If they’re not in a position to support themselves, then there is the alternative for them to return to their home countries.

Time to go home,’ Australian PM tells foreign students

I’m floored. The PM is talking about my actual day job.

I don’t know where to start.

Maybe it began yesterday, when I was meeting online with a Vietnamese student who has begun her PhD here in Australia, investigating whether international students’ attitudes to environmental issues change when they study outside their home country.

At the end of the meeting we talked about how things are in the world, and she said: “Do you need me to send you some masks?” We laughed, and I thanked her for the way international students have taken such good care of us while we’ve carried on with the line that masks don’t matter, they’re not recommended government advice.

They’ve been really worried by our lack of care for ourselves or each other. In our company they have politely kept their masks in their pockets, because they don’t want to offend or frighten us about how serious things are.

But we’ve been wearing other masks, that are slipping.


Maybe it was just yesterday, although days now seem to contain infinite stretches of time.

Yesterday after a week of announcements of financial support for everyone who has fallen through the cracks in this crisis except international students, our Prime Minister mused at a press conference that no one’s keeping them here, and if they’re out of jobs and out of rent, well then, they can just go home.

After all, they told us they could manage here without our help:

“All students who come to Australia…have to give a warranty that they are able to support themselves for the first 12 months of their study. That is not an unreasonable expectation of the government, that students would be able to fulfil the commitment that they gave.”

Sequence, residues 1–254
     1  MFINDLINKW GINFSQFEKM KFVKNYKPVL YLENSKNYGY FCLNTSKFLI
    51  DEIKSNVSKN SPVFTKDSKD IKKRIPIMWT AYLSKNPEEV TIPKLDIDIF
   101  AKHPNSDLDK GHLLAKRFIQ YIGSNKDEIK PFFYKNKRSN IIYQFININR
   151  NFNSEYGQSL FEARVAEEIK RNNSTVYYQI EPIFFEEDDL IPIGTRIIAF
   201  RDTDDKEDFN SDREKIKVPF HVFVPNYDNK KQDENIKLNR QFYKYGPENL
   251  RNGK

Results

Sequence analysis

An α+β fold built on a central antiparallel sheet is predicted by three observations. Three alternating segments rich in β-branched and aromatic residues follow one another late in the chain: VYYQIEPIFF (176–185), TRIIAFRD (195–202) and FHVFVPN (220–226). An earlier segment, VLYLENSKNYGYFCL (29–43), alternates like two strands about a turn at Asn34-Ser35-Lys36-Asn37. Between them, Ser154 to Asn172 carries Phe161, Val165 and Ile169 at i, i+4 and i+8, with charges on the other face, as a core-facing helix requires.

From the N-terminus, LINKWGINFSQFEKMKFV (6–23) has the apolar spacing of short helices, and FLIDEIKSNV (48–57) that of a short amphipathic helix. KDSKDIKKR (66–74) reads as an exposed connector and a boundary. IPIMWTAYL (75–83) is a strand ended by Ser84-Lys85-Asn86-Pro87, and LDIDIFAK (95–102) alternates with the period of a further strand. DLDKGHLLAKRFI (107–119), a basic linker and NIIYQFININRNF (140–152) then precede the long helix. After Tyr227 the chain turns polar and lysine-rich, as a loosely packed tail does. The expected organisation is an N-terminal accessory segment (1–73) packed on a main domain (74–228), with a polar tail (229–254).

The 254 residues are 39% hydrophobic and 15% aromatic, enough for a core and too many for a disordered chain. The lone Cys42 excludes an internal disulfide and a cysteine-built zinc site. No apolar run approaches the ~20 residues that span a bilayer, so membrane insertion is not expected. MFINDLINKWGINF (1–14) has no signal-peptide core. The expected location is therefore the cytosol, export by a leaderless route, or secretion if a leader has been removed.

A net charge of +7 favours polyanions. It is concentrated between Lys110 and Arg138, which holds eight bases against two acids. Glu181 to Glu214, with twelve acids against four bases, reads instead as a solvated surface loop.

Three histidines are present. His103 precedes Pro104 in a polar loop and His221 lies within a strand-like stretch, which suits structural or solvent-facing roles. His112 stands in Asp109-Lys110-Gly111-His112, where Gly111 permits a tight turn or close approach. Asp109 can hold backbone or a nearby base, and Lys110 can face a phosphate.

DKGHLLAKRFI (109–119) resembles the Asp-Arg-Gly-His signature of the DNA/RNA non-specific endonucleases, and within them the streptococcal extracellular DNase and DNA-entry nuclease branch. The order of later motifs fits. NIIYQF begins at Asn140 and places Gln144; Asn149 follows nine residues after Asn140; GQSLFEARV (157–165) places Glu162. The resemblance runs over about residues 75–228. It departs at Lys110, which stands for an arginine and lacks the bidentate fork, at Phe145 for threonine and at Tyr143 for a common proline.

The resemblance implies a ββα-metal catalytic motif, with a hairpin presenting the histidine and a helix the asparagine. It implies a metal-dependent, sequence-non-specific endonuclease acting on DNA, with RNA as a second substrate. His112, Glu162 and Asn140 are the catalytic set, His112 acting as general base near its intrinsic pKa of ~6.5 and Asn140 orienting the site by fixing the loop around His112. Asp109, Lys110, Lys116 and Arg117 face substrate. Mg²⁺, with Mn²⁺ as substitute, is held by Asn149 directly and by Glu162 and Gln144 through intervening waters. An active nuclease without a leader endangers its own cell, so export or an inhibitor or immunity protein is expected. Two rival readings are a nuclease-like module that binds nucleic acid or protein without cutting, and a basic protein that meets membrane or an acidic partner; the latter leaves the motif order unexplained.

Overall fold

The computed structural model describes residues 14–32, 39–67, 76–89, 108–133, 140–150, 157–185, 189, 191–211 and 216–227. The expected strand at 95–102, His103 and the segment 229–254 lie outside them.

That clicking sound that you hear? That’s the Australian university sector reaching for its calculator and making some panicky predictions about future revenue, which is the commitment we were really banking on. International onshore fee paying higher education is serious business for Australia, and in boom times we like to point out that our education exports are right up there with all the other extractive industries. Why, we’re the human part of the Australian minerals boom.

Good as gold, almost.

OK, clearly some international students can’t just go home, however they click their ruby slippers. They have no choice but to ride out this tempest in our care, because the borders to their home countries have already closed. They are yearning for home, and missing their loved ones, and they are stranded with us like Australians are stranded in other places.

But for those who could go home, and are choosing to stay on because they have taken our hospitality at face value and in good faith, this offhand messaging from our government is contradictory, demoralising and frightening.


Maybe it wasn’t just yesterday. Maybe this mask that was whisked off yesterday has been there all along.

Last year the international students that I work with started to tell me stories of their everyday run-ins with the Australians who have made them feel less welcome.

One student tells me about walking to the store on an otherwise empty street, when a driver slowed down to shout at her to go home. What stays in her mind is how awkward this was for the driver, that he had to lean right across the passenger seat to yell at her.

These incidents are rare, I say to myself. Please say they’re rare.

Later I check in with a different student who told me a story as I wanted to be sure I got the details right. “You know that time you were chased in the street and shouted at?”

“Which time?” she said.